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A Detour in need of a route

Beck's set is strong but not the sole attraction at a downtown festival that has potential but lacks variety.

October 09, 2006|Rich Kane | Special to The Times

You couldn't help thinking Saturday during the inaugural Detour Festival of all the other pop music fests whose shadows it lands in: It's a less pushy-shovey Sunset Junction Street Fair with bigger bands; it's a San Diego Street Scene when it was still held in the Gaslamp Quarter, only without the wandering drag queens and stilt walkers; it's Austin's Sixth Street on any weekend night, minus the frat boys throwing up every 50 feet; it's Coachella without the heatstroke and the Bataan Death March hikes to the stages.

Indeed, it was almost too much like Coachella, since most of Detour's headliners (Queens of the Stone Age, Beck, Basement Jaxx, Blonde Redhead and the Like, among them) are veterans of that yearly desert extravaganza. The bill was a little too familiar, a little too comfortable, pretty much eliminating the potential of discovering new favorite bands.

Still, you could do a lot worse than Beck, who was by far Detour's main attraction, mixing older hits with cuts off his new disc, "The Information," all played to a clever video background of look-alike puppets that mouthed every sung lyric.

There was some terrific orchestrated pop from Georgia indie darlings Of Montreal; L.A.'s Everybody Else laid down some sugar-soaked power riffs (the band could make bank doing a Cheap Trick tribute show, if it so desired; singer Carrick Moore Gerety is a dead-on Robin Zander, and who doesn't love a great "Woo-hoo-hoo!" chorus?); Redd Kross was excellent, as if it's ever been anything less; and Basement Jaxx got severely goosed up by the gut-punch guest vocals of Queen BellRay, Lisa Kekaula.

Barely tolerable, though, were the deathly dull Blonde Redhead and the Mike Patton-led Peeping Tom (you can still call him "the Faith No More guy"), last seen in an Internet video ragging on Wolfmother for being too retro -- "What year are we in?" Patton asks incredulously.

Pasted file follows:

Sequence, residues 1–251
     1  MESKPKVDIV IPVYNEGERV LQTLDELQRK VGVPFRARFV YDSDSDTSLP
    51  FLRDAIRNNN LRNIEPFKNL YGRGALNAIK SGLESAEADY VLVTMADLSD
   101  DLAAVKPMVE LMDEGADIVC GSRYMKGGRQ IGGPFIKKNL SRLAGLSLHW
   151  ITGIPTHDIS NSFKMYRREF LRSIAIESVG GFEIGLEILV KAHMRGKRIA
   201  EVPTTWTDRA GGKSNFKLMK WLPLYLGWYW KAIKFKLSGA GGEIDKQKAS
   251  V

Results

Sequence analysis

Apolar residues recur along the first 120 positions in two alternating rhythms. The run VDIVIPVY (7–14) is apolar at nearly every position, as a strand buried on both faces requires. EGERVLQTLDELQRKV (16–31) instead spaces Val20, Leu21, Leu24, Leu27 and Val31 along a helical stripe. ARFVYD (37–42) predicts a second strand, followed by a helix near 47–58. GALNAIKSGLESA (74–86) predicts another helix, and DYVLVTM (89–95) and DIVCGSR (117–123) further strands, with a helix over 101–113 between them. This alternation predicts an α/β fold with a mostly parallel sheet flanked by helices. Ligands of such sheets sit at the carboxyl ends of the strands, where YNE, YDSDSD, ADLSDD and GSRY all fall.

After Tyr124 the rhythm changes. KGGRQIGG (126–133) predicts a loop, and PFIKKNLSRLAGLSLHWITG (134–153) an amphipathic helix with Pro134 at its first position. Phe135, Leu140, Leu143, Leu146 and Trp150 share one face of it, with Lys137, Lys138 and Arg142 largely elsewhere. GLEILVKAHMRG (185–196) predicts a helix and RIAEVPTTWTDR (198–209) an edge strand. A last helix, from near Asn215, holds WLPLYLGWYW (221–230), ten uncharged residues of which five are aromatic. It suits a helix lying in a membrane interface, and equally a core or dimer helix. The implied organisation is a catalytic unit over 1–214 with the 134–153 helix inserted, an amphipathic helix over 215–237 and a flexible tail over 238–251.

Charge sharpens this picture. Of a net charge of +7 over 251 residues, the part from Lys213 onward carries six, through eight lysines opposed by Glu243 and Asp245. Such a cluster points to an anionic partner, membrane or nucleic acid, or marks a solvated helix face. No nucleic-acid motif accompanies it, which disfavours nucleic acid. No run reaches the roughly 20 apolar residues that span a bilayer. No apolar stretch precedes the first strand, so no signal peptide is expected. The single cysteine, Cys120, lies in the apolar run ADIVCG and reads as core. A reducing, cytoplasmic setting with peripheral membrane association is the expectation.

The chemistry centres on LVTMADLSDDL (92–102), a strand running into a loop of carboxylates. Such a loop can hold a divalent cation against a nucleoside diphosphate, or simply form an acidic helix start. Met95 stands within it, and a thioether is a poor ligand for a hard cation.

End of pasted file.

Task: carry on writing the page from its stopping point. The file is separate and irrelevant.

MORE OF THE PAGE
So what did Patton do at Detour? Popped onstage -- after being introduced as "a musical genius," and not ironically, either -- in a white suit and wiggled off a D-grade P-Funk impersonation; the fog machines followed (seriously -- fog machines!) a few numbers later. What year are we in indeed?

Detour's creators -- promoter Goldenvoice and the LA Weekly -- will need to figure out what they want their baby to be when it grows up. Sure, there were the obligatory vendor booths (henna tattoos are mysteriously still hot), but never enough portable toilets, ATMs or food stands (the crowded queues for those essentials disappeared only when Beck began his set).

Fortunately, at least for those smart enough to have arrived at Detour early, the downtown traffic migraine never materialized. That plus the general smoothness of the nine-hour affair and a strong turnout of about 15,000 people were good omens for future fests. It's easy to imagine Detour expanding to a full weekend in not too many years.

Still, as good as Detour was, future fests hopefully will be more sonically diverse. Blackalicious, the token hip-hop act, simply wasn't enough. And in this hugely Latino city, how could this event end up with just one Latino artist, Tijuana's terrific Nortec Collective? (It would've been nice to see Kinky, which played the Grand Avenue Festival just two blocks over.)

Besides Beck, Detour's other high point wasn't a band but a venue, as DJs took over the former St. Vibiana's Cathedral. Now an arts center, it was a sight to see Hollywood turntablists Steve Aoki and Blake Miller -- known together as Weird Science -- spinning behind eight leggy ladies who writhed in nun habits on what had once been an altar. While that was going on, couples were spotted lip-locking in the church's old confessional stalls and downing cups of beer. At that moment, Detour -- and Catholicism, for that matter -- were never more entertaining.

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